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Dominica weekly is a personal weblog about the nature island of Dominica.


International Fashion Designer and Dominican Yolander James proudly presents the Launching of her “Women’s Fashion Line” in Dominica on Sunday 19th October, 2008 at the Arawak House of culture. The show promises to be a night of Fashion, Style and Trends with international Flair and Standards. The YolanderJ. Woman’s Fashion Line is elegant, feminine, timeless, leisurely and at the same time glamorous and individually designed for the modern woman.


Yolander E. James was born on the beautiful island of Dominica and originates from the village of Marigot. There she discovered her passion for creativity at the early age of 14. At the age of 24, Yolander departed for Europe to realise her burning desire to become an International Fashion Designer and with the intention of one day returning to share her knowledge and experience with fellow Dominicans.

Through years of intensive work and further study in various fields of the Fashion Industry, Yolander gained the professional training necessary to open the doors of the European fashion world. Based upon her many years of experience, in 2002 she successfully launched the “YolanderJ.” Fashion Line, which offers a unique and exquisite line of clothing for women in Germany and throughout Europe. Yolander James is Manager of her own boutique in Hamburg, Germany where she resides with her family.

Design Philosophy

The Collection specializes in dresses, suits and jacket, however customers can find an extravagant selection of pantsuits, skirts, blouses/tops and acessories, for instance handbags, scarves and jewelry.The YolanderJ. Collection offers its customers clothing tailored for business, leisure and of course evening wear. Each year the collection is completely renewed.

Very soon the YolanderJ. Collection will be available throughout the Caribbean and can be bought also online at:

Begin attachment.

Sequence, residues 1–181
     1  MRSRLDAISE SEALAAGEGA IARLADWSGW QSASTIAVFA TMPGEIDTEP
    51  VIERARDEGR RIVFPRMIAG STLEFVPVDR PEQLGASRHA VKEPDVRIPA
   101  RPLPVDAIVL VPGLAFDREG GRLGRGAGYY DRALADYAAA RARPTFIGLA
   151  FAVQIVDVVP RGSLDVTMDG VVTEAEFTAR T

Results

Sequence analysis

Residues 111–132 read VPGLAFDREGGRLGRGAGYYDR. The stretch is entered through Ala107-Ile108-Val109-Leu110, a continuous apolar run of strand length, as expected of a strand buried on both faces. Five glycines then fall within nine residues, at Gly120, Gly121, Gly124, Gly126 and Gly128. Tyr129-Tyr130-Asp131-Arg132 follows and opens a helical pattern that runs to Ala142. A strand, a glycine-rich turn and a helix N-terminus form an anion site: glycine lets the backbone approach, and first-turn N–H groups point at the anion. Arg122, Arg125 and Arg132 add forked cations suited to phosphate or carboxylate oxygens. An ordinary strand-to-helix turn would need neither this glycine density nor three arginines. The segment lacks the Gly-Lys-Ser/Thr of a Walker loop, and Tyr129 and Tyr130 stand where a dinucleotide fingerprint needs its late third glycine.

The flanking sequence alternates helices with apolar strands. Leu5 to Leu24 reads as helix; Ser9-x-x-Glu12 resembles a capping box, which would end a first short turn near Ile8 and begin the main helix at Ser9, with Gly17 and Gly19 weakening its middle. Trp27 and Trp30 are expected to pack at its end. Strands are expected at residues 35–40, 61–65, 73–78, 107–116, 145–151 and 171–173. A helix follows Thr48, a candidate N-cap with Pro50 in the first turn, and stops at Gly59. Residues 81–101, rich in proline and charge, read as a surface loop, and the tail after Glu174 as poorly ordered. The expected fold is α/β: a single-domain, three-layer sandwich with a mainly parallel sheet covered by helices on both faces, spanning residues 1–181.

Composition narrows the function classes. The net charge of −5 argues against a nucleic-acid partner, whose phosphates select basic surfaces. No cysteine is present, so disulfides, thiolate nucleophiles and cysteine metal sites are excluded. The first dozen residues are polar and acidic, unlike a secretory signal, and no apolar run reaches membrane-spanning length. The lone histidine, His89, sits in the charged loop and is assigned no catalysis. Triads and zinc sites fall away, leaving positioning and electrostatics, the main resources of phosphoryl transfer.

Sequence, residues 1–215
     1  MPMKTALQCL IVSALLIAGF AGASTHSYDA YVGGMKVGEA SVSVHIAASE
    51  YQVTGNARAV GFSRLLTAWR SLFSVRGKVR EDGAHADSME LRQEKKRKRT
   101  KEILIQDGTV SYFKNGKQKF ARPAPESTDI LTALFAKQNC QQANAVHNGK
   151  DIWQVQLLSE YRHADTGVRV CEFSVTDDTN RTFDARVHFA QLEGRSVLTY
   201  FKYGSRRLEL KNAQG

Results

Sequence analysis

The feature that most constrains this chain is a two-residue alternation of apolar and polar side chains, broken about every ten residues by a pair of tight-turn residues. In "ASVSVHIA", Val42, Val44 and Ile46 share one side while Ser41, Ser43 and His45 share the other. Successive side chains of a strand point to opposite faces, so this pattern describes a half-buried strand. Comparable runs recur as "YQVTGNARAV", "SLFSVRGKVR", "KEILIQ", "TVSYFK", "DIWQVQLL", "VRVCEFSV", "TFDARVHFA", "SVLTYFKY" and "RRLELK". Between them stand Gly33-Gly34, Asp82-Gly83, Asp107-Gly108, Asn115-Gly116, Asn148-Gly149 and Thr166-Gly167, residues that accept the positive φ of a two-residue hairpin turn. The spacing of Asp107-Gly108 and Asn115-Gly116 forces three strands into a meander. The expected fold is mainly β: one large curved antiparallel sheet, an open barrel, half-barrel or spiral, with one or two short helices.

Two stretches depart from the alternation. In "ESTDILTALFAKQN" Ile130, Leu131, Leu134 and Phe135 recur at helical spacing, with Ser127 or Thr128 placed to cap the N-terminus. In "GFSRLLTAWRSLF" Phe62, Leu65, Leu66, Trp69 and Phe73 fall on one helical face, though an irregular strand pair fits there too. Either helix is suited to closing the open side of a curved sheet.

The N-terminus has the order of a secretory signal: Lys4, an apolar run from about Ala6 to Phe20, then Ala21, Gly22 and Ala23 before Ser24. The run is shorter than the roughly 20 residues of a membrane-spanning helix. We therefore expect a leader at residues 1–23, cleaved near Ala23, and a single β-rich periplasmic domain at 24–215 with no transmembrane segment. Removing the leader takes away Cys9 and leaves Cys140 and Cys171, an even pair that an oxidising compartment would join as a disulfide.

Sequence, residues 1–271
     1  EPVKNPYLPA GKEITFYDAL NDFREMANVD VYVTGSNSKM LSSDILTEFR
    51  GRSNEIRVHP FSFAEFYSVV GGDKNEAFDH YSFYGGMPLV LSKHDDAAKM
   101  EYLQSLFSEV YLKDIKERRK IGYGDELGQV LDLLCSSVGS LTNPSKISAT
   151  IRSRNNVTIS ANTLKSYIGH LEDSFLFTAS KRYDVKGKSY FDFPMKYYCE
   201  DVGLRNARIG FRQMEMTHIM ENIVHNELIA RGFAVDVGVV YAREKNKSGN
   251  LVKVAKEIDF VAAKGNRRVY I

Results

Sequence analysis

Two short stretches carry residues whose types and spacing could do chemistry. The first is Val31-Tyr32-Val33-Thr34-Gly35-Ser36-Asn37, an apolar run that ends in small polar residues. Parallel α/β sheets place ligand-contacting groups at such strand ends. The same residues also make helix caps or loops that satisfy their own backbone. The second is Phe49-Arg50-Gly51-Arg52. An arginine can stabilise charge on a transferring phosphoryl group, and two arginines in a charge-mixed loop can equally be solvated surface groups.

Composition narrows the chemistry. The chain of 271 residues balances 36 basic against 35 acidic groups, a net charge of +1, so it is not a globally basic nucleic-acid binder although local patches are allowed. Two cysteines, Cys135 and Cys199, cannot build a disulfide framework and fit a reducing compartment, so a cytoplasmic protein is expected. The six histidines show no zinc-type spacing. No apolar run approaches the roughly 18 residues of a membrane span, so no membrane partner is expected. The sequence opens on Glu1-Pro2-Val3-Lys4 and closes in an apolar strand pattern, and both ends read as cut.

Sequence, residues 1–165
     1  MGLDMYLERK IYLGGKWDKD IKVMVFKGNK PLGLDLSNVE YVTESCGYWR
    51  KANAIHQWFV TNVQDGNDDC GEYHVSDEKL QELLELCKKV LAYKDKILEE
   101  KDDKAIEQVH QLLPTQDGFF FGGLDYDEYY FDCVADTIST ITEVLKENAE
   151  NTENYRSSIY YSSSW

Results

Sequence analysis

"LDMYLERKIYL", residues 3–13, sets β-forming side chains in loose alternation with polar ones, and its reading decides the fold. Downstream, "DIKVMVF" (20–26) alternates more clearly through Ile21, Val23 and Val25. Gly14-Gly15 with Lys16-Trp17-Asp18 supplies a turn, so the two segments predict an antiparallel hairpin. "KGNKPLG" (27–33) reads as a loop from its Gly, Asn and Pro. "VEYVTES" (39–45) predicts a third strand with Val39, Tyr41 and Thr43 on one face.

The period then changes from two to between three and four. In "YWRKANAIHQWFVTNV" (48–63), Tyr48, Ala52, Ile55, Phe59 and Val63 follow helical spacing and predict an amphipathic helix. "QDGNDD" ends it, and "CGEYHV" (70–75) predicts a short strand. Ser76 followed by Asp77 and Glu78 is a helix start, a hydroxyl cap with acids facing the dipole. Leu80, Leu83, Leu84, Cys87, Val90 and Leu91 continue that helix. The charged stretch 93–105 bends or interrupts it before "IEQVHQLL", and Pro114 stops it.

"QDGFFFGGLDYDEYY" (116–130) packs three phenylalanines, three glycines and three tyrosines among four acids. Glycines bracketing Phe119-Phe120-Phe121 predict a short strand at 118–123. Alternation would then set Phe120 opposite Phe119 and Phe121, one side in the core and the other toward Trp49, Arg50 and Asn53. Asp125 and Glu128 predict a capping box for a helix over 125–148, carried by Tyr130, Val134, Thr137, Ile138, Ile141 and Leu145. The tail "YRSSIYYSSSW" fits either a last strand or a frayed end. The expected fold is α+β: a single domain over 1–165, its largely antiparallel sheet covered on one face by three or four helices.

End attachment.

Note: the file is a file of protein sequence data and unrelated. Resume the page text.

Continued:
Come celebrate the Launch of the YolanderJ. Fashion Line in the Caribbean, Yolander James will showcase her Collection in an extravagant fashion show in Dominica. Again the date for the fashion show is set for October 19th 2008 at the Arawak House of Culture from 8:00pm and tickets are only ECD$20.00.

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This post was guest blogged by Dan Tanner

Dominica’s beauty is everywhere! Her mountains are majestic. The cliffs and bays and beaches of her Atlantic and Caribbean shores are breathtaking. Numerous magnificent waterfalls grace her rainforest interior.

Dominica is the land of 10,000 flowers. Hummingbirds visit those flowers, hawks circle in the sky, and pelicans, kingfishers and frigate birds patrol for fish.

Dominica has astounding coral reefs that teem with colorful tropical fish. And, Dominica’s waters are also home to myriad univalve (one-shell) and bivalve (2-shell) mollusks.

Trivia: A seashell, also known as a sea shell, or simply as a shell, is the common name for a hard, protective outer layer, a shell, or in some cases a “test”, that was created by a sea creature, a marine organism. The shell is part of the body of a marine animal. In most cases a shell is an exoskeleton, usually that of an animal without a backbone, an invertebrate. Seashells are most often found on beaches…source:Wikipedia

You can spot the wondrous and beautiful mollusks while snorkeling or scuba diving, or you can (as Ruth and I often) do; beach-comb for them on pleasant and fun-filled strolls. It is a great deal of fun to “discover” shells on the beach. As an added benefit, we know that we’re gathering shells of animals that have perished, and we needn’t worry about even possibly harming the ecology by taking a live specimen (or a shell that is serving as a temporary home to a hermit crab.




Here are some photos from our shell collection. I took these photos back at our home in Massachusetts (which we’ll sell when we relocate to Dominica next year when Ruth can retire). If you can see a white marble tabletop in the background, the photo is of a large shell (6 to 9 inches) that we collected on other Caribbean islands. The small shells shown on Dominican black sand or in a small (3 inches across) bowl or on the back of a book (the size of the print will give you an idea of the scale in those macro photographs) are all Dominican shells. These are not “baby” shells; nearly all are the size of the adult animal. We have collected some fairly large conch shells in Dominica, but the supply of this edible animal is nearly exhausted from over-hunting. It’s too bad, because large conchs prey upon the nasty stinging black spiny sea urchins, which have multiplied absent their chief predator.





Helmet Conch




I hope to be able at a later date to post the popular and scientific names of the shells in the photos. We have purchased “Seashell Treasures of the Caribbean” by Leslie Sutty, edited by the late eminent conchologist Richard Tucker Abbott. Ms Sutty lives in Martinique and when I contacted her recently she graciously offered to provide this information for photos that we e-mail to her. But I just couldn’t wait to share our photos of these beauties with you!

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